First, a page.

Do you ever feel like your bookkeeper is speaking another language? Or maybe it feels like they have an endless amount of questions. What do they even do while working on your books? If this situation sounds familiar, this article will assist you to find better ways to communicate with your bookkeeper and understand just what they are doing for your business.
Establish a good workflow
Workflow has become a bit of a buzzword in business. But for us, it’s just a fancy word for having a good pattern of running your business. That pattern is built on good habits. What kinds of habits are we talking about?
In order for a bookkeeper to manage your books successfully, they rely on a steady stream of information. They also need input from you as they have questions. Particularly when you outsource your accounting, you’ll have to remember that they are not physically in your office. There are parts of the business they will not understand unless you share that information with them.
No matter what type of process you establish, it should address the following questions:
- What tasks will your bookkeeper be responsible for in your books?
- What tasks are you expected to be responsible for in your books?
- What documentation does your bookkeeper need from you? How often do they need it?
- How often will you and your bookkeeper meet to discuss financial matters?
When setting up a client for ongoing services with Beyond, one of the first things we do is provide them with a workflow chart. That chart supplies a breakdown of the tasks we will do, what we will need from our client, and when we will meet. We find that using a visual aid like a workflow chart establishes clear roles for both parties. It also gives clients a sense of calm that their books are being managed properly.
Use tools to collaborate
While having a clear process is good, you need to determine how best to share information with your bookkeeper. Conversely, your bookkeeper needs an effective way to send questions and receive responses. What tools should you use when working with your bookkeeper?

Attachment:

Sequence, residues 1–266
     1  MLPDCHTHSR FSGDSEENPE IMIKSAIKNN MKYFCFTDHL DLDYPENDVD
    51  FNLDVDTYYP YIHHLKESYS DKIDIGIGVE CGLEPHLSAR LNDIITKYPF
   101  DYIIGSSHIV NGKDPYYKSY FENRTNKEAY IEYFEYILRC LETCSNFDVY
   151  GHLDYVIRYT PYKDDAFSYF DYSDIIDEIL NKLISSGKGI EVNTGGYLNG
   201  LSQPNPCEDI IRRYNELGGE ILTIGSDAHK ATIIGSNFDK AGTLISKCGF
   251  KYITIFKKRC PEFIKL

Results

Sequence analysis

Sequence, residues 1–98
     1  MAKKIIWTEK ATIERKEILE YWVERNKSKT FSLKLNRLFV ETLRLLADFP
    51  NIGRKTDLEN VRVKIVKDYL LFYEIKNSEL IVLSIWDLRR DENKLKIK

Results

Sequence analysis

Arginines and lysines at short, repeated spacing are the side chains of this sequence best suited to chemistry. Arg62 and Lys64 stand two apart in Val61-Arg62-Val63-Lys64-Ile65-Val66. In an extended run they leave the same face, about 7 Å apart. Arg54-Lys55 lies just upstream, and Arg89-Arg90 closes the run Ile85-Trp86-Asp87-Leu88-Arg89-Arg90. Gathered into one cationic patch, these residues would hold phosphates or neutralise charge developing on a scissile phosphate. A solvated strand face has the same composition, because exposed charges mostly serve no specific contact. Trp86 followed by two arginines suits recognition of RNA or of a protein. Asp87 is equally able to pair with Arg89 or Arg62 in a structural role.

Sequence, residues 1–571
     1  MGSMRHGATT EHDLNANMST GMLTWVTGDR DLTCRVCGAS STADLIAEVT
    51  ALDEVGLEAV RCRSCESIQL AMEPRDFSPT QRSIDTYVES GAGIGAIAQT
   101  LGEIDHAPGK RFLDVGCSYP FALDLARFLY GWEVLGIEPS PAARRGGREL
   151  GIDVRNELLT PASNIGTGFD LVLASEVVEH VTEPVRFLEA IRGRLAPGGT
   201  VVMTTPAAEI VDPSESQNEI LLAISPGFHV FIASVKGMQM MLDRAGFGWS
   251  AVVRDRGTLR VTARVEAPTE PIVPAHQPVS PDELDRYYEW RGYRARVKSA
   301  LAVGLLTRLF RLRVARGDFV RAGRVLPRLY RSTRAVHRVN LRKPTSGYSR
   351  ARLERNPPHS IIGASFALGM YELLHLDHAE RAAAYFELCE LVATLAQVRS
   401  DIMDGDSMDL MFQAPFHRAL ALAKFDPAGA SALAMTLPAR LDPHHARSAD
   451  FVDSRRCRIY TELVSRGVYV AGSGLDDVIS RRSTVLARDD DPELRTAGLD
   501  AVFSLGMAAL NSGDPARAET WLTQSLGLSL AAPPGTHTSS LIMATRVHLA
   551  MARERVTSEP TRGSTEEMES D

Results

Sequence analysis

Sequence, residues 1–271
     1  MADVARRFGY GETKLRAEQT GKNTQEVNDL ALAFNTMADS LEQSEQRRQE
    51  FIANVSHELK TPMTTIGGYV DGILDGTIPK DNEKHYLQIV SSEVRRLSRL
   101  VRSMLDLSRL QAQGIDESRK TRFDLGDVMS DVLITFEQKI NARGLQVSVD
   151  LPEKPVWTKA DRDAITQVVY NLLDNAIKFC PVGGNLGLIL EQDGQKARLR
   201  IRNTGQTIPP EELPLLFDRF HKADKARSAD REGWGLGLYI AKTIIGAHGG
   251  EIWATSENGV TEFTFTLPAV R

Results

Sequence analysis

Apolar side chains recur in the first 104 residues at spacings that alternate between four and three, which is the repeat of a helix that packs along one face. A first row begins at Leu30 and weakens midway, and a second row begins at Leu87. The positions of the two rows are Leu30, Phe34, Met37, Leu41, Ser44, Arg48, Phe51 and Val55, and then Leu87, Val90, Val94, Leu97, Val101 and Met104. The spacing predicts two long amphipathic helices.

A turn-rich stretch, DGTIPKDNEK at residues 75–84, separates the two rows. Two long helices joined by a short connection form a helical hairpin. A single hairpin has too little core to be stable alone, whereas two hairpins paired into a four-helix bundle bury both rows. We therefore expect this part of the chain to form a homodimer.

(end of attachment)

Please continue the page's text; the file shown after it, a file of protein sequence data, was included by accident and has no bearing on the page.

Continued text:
We have written pretty extensively about the tools we use to collaborate with our clients. We won’t provide a detailed list here, but we have found a good tech stack includes:
- Secure document sharing – Sending sensitive documents such as tax returns or bank statements over email is risky. Having a secure method for sharing these documents is crucial.
- Collaborative spreadsheets – Tools like Google Sheets allow you to work together within the same document. This means that questions and responses can be worked on together in real-time.
- Accounting integrations – Products like QuickBooks Online and Xero allow business owners to integrate many useful apps. These apps can streamline such tasks as capturing expense receipts, managing employee reimbursements, and payroll. Using technology to replace manual tasks saves both you and your bookkeeper valuable time.
Be willing to ask questions
When business owners meet with their bookkeeper or tax accountant, they can feel intimidated. They may feel that asking questions will make them appear naive or inexperienced. As a result, they may hold back from asking questions about their finances.
It’s been said that the only bad question is the one that goes unasked. We will let you in on a little secret: We love it when you ask questions! It shows that you are interested in your business and you want it to grow. We want to help!
Before beginning each meeting with a client, we always ask this question: “Is there anything in particular you want to be sure we discuss in our meeting today?” When we say that, we are extending an invitation for you to share your questions with us.
Do you want to understand what a specific accounting term means? Ask. Do you want to understand what happened to your profit? Ask. Are you struggling with a business problem and need an outsider’s perspective? Ask. Ask. Ask. Seriously, we do not mind!
We hope that the suggestions above will build or improve the way you communicate with your bookkeeper or accountant. Are you looking for more tips to improve meetings with your accounting professional? Check out this article on why meeting with a bookkeeper regularly is important.